Submit your work, meet writers and drop the ads. Become a member
Jul 2019
on ruby jacobs walk, a
small girl
asked us for money for ice cream.

she eyed our cones
                                yours, lemon
                                mine, strawberry
with a child’s hunger
glinting and opportunistic
as she held out her palm for coins.

i was not yet accustomed to the shapes and sizes,
to a dime being smaller than a nickel,
and in any case wanted to preserve them for souvenirs
so we shook our heads and walked away.

a year later, writing this poem,
i learned that ruby jacobs was a local restaurateur
who, as a boy,
illegally sold ice creams
for a nickel on the boardwalk.
                                                a nickel is the larger coin
                                                the size of a ten pence piece.
                                                i know that now.

the wide atlantic rose from a sloping manicured lawn
                                like everything here
                                                            ­    the airborne flag
                                                            ­    above a wide pavilion,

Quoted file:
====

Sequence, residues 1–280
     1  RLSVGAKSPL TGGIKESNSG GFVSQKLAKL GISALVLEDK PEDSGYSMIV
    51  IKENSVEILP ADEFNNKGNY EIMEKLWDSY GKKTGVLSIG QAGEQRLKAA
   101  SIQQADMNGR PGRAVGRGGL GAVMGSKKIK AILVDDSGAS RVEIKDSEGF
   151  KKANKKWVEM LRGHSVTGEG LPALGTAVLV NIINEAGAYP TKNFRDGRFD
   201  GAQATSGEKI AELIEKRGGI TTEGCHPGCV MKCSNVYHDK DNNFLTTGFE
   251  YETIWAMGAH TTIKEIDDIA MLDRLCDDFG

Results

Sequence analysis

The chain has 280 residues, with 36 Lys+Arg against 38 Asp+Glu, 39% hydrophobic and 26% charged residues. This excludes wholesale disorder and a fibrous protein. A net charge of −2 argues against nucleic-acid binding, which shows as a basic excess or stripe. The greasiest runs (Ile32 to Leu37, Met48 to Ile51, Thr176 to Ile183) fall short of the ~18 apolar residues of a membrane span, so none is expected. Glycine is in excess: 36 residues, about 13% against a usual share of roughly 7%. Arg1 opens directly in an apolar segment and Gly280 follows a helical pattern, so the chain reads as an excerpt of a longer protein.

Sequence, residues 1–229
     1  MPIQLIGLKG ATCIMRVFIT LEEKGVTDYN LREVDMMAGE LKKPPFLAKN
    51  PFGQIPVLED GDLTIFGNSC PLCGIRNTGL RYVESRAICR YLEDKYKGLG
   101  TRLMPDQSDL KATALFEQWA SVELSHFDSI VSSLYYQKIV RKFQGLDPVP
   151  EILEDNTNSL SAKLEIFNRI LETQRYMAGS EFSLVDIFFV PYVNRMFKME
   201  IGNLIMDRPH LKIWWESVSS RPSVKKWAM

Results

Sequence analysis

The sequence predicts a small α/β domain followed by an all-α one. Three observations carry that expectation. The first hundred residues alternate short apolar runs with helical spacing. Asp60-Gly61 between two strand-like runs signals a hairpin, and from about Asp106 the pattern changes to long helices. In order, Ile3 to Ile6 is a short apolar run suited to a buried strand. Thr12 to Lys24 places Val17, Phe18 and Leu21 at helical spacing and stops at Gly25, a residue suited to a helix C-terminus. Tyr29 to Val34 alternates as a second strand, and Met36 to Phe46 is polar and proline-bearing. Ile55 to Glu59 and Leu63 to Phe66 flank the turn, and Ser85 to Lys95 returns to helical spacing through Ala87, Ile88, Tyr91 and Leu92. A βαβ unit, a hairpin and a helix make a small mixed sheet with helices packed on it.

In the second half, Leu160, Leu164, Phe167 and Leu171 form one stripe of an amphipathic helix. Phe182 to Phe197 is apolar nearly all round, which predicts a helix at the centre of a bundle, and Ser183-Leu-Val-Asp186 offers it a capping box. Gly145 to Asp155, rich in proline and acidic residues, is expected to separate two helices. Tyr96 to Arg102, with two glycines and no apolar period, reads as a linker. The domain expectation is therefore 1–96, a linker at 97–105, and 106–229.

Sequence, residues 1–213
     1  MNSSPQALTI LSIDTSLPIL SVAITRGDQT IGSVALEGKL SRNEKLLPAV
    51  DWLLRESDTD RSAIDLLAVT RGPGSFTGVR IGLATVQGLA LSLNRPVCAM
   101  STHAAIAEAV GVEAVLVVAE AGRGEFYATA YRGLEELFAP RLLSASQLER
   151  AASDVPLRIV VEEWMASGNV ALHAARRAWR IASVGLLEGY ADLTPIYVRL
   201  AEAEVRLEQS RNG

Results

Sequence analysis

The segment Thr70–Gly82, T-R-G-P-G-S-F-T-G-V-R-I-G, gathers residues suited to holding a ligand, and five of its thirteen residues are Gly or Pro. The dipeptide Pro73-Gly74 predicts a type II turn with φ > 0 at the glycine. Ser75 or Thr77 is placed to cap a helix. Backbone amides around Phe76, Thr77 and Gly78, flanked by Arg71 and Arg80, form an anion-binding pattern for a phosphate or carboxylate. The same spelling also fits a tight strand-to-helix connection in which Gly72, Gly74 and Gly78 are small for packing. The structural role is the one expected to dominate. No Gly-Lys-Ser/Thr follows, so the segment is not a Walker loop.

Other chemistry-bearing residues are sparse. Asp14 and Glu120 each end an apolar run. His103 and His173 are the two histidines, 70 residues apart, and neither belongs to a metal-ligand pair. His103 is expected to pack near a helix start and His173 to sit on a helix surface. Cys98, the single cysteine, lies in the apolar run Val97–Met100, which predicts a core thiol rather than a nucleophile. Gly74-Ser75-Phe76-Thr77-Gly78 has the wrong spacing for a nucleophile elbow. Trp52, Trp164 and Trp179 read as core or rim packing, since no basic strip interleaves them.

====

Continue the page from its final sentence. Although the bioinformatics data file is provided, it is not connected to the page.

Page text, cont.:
­         a fanatic wedding cake-topper
                                                     ­           against the blood-blue sky.

        i slipped
out of my shoes and let the white sand burn my feet and jaggedly fill the spaces between my toes

the atlantic held its wide arms open
though we weren’t, as we imagined,
                looking east
                looking home
but south to new jersey, across the bay.

the gnarled boardwalk was a
song of the twentieth century
        a roll-call of mass-market capitalism
        here in the city that didn’t invent the concept
        but certainly perfected it:
                                                hot dogs
         ­                       ice creams (we’ve covered that)
                        fridge magnets
                baseball caps
        i bought an espresso cup with a picture of the president
and the caption:
i stopped to take a photograph
of a space-age building from the fifties
which turned out to be
                                        a public toilet.

from the sunbaked d train
brooklyn spread out beneath us
the houses garnished with american flags
then the city coughed us up on seventh avenue
and night fell five hours early.
This isn't finished. I started it a while ago, and recently added a few more stanzas just to flesh it out to an ending, but I feel it loses direction and that the second half wasn't written with the same intention as the first. I will update this as I continue to redraft. [BA 20.7.17]
Written by
Bruce Adams  27/M/London
Please log in to view and add comments on poems